Male Circumcision: a measure to prevent HIV

Bhutanese health professionals are advocating male circumcision, which according to a study by WHO and UNAIDS, reduces the transmission of HIV by 60 percent.

Circumcision is a (medical) surgical procedure where the foreskin of the penis is cut and removed. Circumcision is done as religious practice among muslims and Jews and also as a medical procedure.

As a medical purpose, circumcision is mostly done for those with Phimosis, where the foreskin of the penis does not retract and gives problem while urinating said Dr Tandin Dorji. “Since urinary passage is blocked we remove the foreskin which is known as circumcision,” he said. “Male circumcision, based on evidence, is considered very hygienic, with low risk of cancer of penis and in the case of HIV, is a preventive action.”

“In Bhutan now it is time for parents who have a son to consider those health benefit and to do circumcision,” he said. “If government today can spend on circumcising, it will have a high health benefit in future for those children.”

Circumcision is recommended in those countries where the main mode of transmission of HIV is heterosexual, like in Bhutan. In Bhutan circumcision will have to be done in hospital while in other countries, like in Muslim countries, people do it at home.

Circumcision is a minor operation that takes around 15 minutes; it is the removal of skin. The recovery is fast. If it is a child, recovery is within a week, but for older people it might take little longer with urination and erection some times.

The best age to circumcise is between 2 to 3 years as they will not remember the procedure and it won’t be so painful said the doctor.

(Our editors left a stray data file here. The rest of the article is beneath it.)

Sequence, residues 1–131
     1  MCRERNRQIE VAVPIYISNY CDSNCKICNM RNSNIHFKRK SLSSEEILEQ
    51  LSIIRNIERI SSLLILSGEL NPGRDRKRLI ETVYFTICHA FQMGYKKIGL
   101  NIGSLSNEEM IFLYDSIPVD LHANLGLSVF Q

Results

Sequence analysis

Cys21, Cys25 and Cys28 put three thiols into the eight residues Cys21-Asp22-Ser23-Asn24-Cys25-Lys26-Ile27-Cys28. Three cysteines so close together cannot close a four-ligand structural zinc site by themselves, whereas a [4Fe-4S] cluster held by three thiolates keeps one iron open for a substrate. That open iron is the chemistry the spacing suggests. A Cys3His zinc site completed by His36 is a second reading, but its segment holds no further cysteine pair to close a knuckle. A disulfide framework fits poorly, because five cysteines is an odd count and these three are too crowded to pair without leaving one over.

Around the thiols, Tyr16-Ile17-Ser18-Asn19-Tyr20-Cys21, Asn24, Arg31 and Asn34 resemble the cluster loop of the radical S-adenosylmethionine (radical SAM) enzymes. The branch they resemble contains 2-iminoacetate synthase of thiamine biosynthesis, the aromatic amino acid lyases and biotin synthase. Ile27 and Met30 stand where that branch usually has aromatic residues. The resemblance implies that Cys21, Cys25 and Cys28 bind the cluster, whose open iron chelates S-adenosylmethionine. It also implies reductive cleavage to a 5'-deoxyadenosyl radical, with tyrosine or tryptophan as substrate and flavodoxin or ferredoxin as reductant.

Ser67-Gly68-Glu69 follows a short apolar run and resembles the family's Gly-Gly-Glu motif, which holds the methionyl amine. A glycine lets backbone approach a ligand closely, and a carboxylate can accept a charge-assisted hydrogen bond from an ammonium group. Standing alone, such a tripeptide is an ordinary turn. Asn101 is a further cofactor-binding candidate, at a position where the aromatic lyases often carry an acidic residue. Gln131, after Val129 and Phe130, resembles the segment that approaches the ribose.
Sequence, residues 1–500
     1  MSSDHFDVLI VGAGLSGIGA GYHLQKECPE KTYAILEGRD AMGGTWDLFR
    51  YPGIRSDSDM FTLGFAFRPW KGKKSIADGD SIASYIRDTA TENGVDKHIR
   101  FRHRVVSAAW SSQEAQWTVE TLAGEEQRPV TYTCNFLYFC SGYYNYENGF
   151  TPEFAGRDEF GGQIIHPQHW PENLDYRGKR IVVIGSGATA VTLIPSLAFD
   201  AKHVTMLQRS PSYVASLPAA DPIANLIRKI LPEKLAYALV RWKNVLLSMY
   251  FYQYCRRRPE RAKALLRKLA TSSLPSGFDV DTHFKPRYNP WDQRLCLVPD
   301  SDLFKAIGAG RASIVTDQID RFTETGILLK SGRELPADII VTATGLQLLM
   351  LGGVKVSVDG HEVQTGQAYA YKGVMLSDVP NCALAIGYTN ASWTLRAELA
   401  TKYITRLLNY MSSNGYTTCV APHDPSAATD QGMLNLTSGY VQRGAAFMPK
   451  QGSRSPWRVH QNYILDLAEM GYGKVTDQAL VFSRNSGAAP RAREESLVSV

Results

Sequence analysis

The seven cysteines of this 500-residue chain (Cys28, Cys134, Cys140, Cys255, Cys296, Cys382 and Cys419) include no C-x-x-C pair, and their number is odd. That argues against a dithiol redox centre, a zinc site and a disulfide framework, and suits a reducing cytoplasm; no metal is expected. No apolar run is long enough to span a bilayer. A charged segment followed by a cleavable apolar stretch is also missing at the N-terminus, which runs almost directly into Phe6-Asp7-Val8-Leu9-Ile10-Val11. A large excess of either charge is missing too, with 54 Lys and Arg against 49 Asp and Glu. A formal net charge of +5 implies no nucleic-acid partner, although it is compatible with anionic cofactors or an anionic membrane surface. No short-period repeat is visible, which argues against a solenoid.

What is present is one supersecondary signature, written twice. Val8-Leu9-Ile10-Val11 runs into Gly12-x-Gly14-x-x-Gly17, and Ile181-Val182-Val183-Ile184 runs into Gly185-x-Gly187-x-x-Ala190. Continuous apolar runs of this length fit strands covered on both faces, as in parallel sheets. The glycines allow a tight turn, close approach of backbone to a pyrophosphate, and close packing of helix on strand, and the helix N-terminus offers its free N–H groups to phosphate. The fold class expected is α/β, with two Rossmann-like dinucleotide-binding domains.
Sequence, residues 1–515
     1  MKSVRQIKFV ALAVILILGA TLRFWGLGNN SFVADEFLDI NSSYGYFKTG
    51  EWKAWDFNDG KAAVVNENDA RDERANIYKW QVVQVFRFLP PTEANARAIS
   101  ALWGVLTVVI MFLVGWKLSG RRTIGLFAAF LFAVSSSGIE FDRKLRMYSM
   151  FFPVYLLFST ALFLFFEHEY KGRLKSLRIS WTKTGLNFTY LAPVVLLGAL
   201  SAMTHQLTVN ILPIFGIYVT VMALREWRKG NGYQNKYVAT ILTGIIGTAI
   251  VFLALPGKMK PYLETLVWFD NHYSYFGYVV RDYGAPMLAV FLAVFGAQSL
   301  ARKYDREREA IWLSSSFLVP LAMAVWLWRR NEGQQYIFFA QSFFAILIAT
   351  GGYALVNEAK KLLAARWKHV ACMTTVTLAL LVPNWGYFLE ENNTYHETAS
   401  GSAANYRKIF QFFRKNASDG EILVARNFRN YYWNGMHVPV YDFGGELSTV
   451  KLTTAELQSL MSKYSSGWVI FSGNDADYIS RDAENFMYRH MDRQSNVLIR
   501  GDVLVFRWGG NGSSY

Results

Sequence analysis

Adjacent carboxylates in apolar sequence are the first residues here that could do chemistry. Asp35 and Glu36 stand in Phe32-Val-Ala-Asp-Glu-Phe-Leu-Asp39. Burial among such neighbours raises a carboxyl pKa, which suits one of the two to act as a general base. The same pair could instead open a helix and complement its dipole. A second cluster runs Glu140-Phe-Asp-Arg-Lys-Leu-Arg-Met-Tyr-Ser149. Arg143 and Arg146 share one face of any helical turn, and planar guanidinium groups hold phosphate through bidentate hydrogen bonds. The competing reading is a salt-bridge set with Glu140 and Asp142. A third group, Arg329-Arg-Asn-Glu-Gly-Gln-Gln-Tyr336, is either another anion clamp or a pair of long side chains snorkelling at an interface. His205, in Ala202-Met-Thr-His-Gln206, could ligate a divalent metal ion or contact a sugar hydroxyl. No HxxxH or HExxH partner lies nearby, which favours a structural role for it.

However, he said, “When we say, circumcising reduces the risk of transmission of HIV, people might think that those people who have circumcised may not have to use condoms or can have usual sexual intercourse, but circumcision must go in hand in hand with other practices”.

“Consistent and correct use of condoms, regular counseling and testing and continued awareness and education on HIV transmission will be encouraged and most importantly, the treatment for sexually transmitted infection must be provided continuously,” he added.

He said the recommendation for advocating circumcision should come from health ministry and National HIV/AIDS commission.  “I think it is worthwhile for the ministry to consider circumcision and I, personally, encourage every male to consider circumcision,” he said.

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  1. There were only 3 studies on HIV and circumcision ever done. There were done in South Africa, Uganda and Kenya. When it comes to the percent chance of HIV, here are the results: South Africa…Intact 2.84% and Circumcised 1.29%, Uganda…Intact 1.78% and Circumcised 0.90%, Kenya…Intact 3.38% and Circumcised 1.58%. So the average difference for these is 1.41%. This is not as significant as many would have you believe. Also, when you think of the loss of all the functions of the foreskin, the pain, the resource put in, ect., how can 1.41% be justified for cutting healthy parts off of the bodies of unsuspecting boys?
    Furthermore, these 3 studies were found to be flawed. All first world counties, except the US, have spoken out against these studies. Here is the Canadian Medical Association’s published paper about the flaws found in the studies.
    Please review the information and I hope you will change your stance on male circumcision.

  2. Later studies have shown no reduction of HIV in practice. (The studies were flawed in many ways: several times as many men left the studies, their HIV status unknown, as were supposedly protected by being cut, for example.)

    The foreskin has valuable protective and erogenous functions. Cutting it of is harmful, and when done to children, a risky violation of their human rights.

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